of shanley football
Mattern was already an accomplished football coach with a 52-21 record and two North Dakota Class 3A state championships when he took on the Shanley football coaching job. He began his tenure at Sid Cichy stadium in 2017. His primary mission was to restore Shanley's status as the best football program in the state. To achieve this, Mattern knew he had to instill belief in the Shanley community that they were capable of competing at the highest levels in North Dakota.
During his first two years at Shanley, Mattern impressively compiled a 21-1 record. Under his guidance, the Deacons reached two state title games and clinched victory in 2019. With this momentum, Mattern aimed even higher. He spearheaded the move to elevate Shanley to the highest classification in North Dakota, even though this meant competing against schools that were 4 or 5 times larger. His leadership paid off when, in 2022, Shanley clinched a State Championship at this elevated level.
The long storied football coaching career of Rod Oksendahl included a six year stint at the Shanley helm, winning 56 gams. Oksendahl guided Shanley to a North Dakota Class 2A state title in 2012
Shanley combined to go 3-16 in Laqua's first two seasons. The Deacons moved from Class 3A to Class 2A in 2009 and had a record of 22-2 en route to titles the last two years.
Dale Hammerschmidt was nearly ready to abandon his dream of being a head high school football coach. Then Fargo Shanley called. "The more we talked, the more I liked it," Hammerschmidt said. I wasn't looking, but it's always been a dream of mine to be a head high school football coach." Hammerschmidt, who played football for the Bison from 1980-1984 lead the Shanley Deacons from 2004-2006 and won 5 games in his brief stint.
The former Bison quarterback was set to join the NDSU staff as a graduate assistant in 1999 when he was approached by Sid Cichy, the legendary Fargo Shanley football coach. "Coach Cichy approached me about the Shanley job. We talked in his car right after I had just finished football practice. I still had my pads on" And so it was. Feeney coached the Deacons for five years and won 15 football games. In his last season he lead the Deacons to the EDC playoffs and was named EDC Coach of the year.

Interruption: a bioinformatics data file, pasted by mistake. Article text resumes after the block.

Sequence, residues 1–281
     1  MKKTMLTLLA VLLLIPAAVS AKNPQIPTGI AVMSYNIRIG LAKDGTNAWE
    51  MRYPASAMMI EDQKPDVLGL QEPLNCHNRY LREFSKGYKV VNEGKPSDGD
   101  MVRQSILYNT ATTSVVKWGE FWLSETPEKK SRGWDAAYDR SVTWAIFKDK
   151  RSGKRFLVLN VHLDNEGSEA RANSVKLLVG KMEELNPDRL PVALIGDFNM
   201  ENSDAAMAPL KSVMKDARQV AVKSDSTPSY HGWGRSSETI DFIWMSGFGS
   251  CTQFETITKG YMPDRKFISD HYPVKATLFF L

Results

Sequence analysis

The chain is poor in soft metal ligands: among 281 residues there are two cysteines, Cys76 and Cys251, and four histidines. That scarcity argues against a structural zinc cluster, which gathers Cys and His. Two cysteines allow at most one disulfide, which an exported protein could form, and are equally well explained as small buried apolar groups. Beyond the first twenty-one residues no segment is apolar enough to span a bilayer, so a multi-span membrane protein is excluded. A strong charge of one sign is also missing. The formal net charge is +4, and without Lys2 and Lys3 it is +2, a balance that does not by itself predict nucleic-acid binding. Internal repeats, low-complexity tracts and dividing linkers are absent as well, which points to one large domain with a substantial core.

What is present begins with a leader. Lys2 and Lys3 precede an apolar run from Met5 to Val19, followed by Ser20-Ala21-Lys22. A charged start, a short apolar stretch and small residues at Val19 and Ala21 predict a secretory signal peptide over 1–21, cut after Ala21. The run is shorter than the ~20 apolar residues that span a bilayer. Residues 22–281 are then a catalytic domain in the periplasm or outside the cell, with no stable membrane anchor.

A Shanley graduate, having played Football for Sid Cichy from 1971-74, Eldred replaced Bruce Larson as head coach in 1987. Eldred ended his run at Shanley as the second longest tenured football coach and a victory total of 49. Famed Shanley Alumnus Angie Welle had this to say upon Eldred's departure. "My only regret is that I didn't get to play football, then I would have gotten to play for Coach Eldred."
Bruce Larson led the Shanley football program for nine years, winning 67 games and a 71% winning percentage. Second only to Sid Cichy. Larson's teams reach the state finals three times, winning state titles twice, in 1981 and 1983.
A Shanley graduate who played for Cichy in 1964 summed up the coaching legend, who won 229 games and 19 North Dakota high school state titles.
"We just had so much dedication for what he stood for," "If he told us the sun wasn't going to come up tomorrow, we would buy flashlights."
Leo Lacher coached a single season. The Deacons had their best year in Class A competition winning 2, losing 1, and tying 1
“Jerry” Moriarty gathered the boys together on September 1, 1945 for
his first practice as head coach. There were nine returning lettermen to bolster up the squad. After a grueling practice for two weeks, they played their first game on September 14, against their old rivals—Fargo Hi Midgets.
Alumnus of Mayville Teachers College and St. Mary’s High School of Bismarck, and also the present sportscaster for WDAY. “Ted” with his new squad and new is really the word for it. With only one veteran to count on and a score of green but ambitious underclassmen, he began practice September 8. After the team drilled for a week, the season was started with a 27-0 win for Fargo High (Class A Champs), with the Midgets receiving two very cheap touchdowns.
Winning seven out of nine games, the Sacred Heart football team, under a new coach and new system, chalked up its second consecutive N. D. Class B Championship.
With a week's practice under their belts, Coach Callahan, a former St. John's athlete, tried out the Notre Dame system of a T formation against a strong St. Cloud Cathedral team—the score 18-0 for the St. Clouders.
Organized Athletics began at Sacred Heart Academy in the fall of 1934, when, through the intercession of Fathers Shannon and Ryan, Howard Ruegamer was secured as coach. At that time a number of uniforms was purchased from Jamestown. No games were scheduled how-
ever, and the time was used in drilling the players in the fundamentals of the game and preparing them for the coming seasons.